by Jonathan Krall
On Wednesday January 6, the Capitol Police allowed white nationalists to invade Congress and, perhaps worse, to leave without being arrested. The racism of policing was on full display. Compared to the common, almost daily scrutiny and arrest of social justice protesters, the deference showed by police to white nationalists was shocking. The problem, as a former FBI agent has documented, is that police culture is intertwined with white nationalist culture. Historically, they are one and the same. Police deference to white people over Black people isn’t just a problem in DC, it is a problem in Alexandria. Because police fealty to police culture is stronger than police fealty to the public, no one is safe.
During the November and December protests in DC, as reported to me, police were disinterested in arresting violent white nationalists, including one that knifed a Black Lives Matter protester. BLM protesters witnessed Metropolitan Police Department cops physically separating BLM protesters and white nationalists. Again and again, BLM protesters were arrested while white nationalists were not. As on Capitol Hill, white nationalists were allowed to go on their merry way.
Here in Alexandria, unlike in DC, police culture has not been lately put to the test. Police culture is evident but, for white residents of our city, it is largely hidden. Describing encounters between police officers and people of color, my friends of color tell me that they experience disrespect. They tell me of instances when officers seem to have decided in advance that they, the person of color, are breaking a rule, even while the police office cannot or will not articulate what it is they are doing wrong. In Alexandria Police Department data, racial disparities are certainly evident. Black people, 21% of the population, received 36% of traffic tickets in 2017 and 2018 and 37% of tickets in 2019. Because police officers are not required to record ethnicity, we cannot provide similar data for Latinx Alexandrians.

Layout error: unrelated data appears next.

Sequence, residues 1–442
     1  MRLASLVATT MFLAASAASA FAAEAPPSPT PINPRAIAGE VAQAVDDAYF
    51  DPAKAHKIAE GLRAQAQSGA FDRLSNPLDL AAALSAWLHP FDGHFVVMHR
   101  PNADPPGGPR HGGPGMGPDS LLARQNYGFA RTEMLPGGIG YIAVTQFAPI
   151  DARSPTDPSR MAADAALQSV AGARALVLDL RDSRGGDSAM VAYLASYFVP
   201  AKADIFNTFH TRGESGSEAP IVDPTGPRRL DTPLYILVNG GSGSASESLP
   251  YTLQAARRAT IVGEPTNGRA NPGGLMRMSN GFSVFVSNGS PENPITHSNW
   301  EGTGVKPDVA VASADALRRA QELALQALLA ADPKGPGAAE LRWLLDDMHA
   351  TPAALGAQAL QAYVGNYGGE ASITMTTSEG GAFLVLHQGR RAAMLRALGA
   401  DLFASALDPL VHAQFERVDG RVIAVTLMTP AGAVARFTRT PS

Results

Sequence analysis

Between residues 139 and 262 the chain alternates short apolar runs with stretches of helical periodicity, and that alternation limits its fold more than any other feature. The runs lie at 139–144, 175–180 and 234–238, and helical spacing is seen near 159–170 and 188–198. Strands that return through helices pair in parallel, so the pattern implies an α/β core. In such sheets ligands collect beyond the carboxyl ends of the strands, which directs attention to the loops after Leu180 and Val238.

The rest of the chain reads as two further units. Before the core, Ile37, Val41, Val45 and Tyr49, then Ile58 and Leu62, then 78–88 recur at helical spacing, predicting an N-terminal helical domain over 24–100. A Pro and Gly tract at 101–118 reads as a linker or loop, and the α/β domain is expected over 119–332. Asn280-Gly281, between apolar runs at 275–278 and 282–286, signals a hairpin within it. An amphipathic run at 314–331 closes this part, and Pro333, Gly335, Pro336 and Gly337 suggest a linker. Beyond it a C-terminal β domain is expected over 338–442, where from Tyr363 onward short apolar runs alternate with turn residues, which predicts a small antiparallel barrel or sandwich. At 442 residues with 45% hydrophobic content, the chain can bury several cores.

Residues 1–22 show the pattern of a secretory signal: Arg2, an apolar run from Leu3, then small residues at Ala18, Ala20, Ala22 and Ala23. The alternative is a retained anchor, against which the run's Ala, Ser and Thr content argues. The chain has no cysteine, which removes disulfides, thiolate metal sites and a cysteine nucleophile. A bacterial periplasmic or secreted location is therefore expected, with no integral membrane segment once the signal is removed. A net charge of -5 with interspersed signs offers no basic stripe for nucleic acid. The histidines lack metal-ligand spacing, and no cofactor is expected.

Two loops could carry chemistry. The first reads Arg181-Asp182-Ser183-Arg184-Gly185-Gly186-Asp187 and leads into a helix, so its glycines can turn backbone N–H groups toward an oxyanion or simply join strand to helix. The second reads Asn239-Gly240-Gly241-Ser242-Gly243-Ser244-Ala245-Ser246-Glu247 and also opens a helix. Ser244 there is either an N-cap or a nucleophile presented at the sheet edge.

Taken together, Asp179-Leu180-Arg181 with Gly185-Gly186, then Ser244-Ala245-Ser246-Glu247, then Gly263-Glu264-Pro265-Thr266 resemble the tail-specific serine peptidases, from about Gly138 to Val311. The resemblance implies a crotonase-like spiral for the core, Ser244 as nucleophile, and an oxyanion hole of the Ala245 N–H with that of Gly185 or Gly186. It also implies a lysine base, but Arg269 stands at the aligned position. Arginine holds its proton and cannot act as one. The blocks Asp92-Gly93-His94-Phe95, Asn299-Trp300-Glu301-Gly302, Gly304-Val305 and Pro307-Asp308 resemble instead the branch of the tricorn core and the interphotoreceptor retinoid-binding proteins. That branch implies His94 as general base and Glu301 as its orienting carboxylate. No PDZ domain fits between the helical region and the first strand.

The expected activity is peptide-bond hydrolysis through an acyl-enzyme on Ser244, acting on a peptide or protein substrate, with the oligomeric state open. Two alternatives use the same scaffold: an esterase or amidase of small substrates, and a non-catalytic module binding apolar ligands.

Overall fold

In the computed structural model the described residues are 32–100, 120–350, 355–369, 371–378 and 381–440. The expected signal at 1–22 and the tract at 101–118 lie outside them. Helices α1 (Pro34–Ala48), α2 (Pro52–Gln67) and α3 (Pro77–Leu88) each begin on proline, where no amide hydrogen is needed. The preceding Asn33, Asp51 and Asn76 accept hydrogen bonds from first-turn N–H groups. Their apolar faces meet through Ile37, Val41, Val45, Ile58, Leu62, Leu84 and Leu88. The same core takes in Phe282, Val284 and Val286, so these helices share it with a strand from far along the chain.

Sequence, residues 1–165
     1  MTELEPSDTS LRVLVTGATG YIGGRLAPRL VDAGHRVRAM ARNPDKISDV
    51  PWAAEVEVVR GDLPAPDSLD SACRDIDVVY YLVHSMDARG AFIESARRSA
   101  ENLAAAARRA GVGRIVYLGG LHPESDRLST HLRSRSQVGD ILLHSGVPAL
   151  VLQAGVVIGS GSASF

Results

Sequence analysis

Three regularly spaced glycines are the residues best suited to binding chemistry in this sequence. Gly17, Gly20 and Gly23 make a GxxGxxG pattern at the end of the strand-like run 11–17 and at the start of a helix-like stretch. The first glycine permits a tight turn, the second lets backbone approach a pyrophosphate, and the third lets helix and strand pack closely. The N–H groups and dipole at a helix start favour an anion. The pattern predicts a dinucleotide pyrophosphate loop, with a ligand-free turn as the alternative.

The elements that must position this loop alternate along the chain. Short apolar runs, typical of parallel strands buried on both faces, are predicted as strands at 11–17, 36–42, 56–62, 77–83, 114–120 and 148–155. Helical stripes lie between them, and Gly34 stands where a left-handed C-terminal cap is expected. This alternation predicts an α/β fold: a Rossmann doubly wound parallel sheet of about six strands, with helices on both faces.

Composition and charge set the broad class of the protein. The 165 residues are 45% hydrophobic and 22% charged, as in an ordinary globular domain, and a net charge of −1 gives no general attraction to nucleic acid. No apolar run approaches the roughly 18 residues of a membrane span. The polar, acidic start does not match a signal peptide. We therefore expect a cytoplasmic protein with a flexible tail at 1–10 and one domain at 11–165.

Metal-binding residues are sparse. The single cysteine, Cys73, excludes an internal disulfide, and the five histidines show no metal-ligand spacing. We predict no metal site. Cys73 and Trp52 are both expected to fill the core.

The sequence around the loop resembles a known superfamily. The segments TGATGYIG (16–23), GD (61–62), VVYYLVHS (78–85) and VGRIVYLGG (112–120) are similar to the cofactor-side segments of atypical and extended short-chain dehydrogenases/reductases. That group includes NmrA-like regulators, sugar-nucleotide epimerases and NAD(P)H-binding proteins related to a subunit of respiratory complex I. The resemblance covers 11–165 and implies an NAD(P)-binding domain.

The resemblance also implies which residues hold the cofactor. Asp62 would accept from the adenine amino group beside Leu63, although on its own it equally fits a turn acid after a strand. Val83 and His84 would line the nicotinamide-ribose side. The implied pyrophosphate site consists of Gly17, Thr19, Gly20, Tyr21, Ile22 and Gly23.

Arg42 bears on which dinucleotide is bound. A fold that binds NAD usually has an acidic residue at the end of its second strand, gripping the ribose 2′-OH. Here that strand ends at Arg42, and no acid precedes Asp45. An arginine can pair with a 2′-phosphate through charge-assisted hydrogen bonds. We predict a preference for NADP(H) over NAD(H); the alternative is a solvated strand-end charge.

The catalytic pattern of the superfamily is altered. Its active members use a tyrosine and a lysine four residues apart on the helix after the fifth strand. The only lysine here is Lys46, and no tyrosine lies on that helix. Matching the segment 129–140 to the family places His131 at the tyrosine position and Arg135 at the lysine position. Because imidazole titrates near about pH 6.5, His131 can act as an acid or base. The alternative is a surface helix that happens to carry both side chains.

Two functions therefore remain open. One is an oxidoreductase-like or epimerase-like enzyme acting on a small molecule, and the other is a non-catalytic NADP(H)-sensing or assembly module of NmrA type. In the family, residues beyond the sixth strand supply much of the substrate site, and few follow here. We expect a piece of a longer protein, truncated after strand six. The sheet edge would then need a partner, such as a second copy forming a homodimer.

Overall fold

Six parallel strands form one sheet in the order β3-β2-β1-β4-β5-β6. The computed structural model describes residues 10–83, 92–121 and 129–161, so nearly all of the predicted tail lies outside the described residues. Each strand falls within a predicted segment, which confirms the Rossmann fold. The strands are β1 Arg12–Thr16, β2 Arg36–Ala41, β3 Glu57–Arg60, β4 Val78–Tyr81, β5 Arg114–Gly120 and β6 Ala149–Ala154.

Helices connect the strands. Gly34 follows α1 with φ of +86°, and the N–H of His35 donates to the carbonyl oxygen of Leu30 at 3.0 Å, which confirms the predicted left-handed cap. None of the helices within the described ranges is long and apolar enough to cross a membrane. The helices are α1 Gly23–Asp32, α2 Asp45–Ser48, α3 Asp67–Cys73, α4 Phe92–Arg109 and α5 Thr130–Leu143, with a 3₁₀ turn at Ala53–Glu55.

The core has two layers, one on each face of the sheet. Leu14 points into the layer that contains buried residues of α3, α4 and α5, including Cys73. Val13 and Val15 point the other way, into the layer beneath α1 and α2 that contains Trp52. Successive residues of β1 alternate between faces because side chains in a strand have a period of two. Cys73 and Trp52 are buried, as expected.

Police culture affects public policy. For example, when Tenants and Workers United, NAACP Alexandria and Grassroots Alexandria came together in 2017 to ask the Alexandria Police Department for increased transparency in their reports, we reached out to APD Chief Michael L. Brown. In initial conversations, we were told that police would refuse to obey expanded reporting requirements. Chief Brown has slowly relented, by degrees, but the idea that disobedient police officers should be tolerated instead of fired hints at a culture of impunity.
That our APD officers are somehow dangerous might sound ludicrous to white Alexandrians. I myself, a white man, am always treated with respect. At peaceful Grassroots Alexandria protests, APD officers have been consistently cooperative. However, my whiteness and my experiences do not excuse ignorance of the very real experiences of people of color. I am grateful that they have been kind enough to share those experiences with me.
The reason I am writing this is that a friend of mine, a person of color, lamented that Alexandrians might be blind to the basic reality that the police officers on Capitol Hill and the police officers in Alexandria are, for all practical purposes, one and the same. It is up to all of us to support policies that reduce the intersection between police and people of color, even if doing so means giving up our own beliefs about the value of policing. Black Lives Matter is not just a yard sign, it’s a promise to act.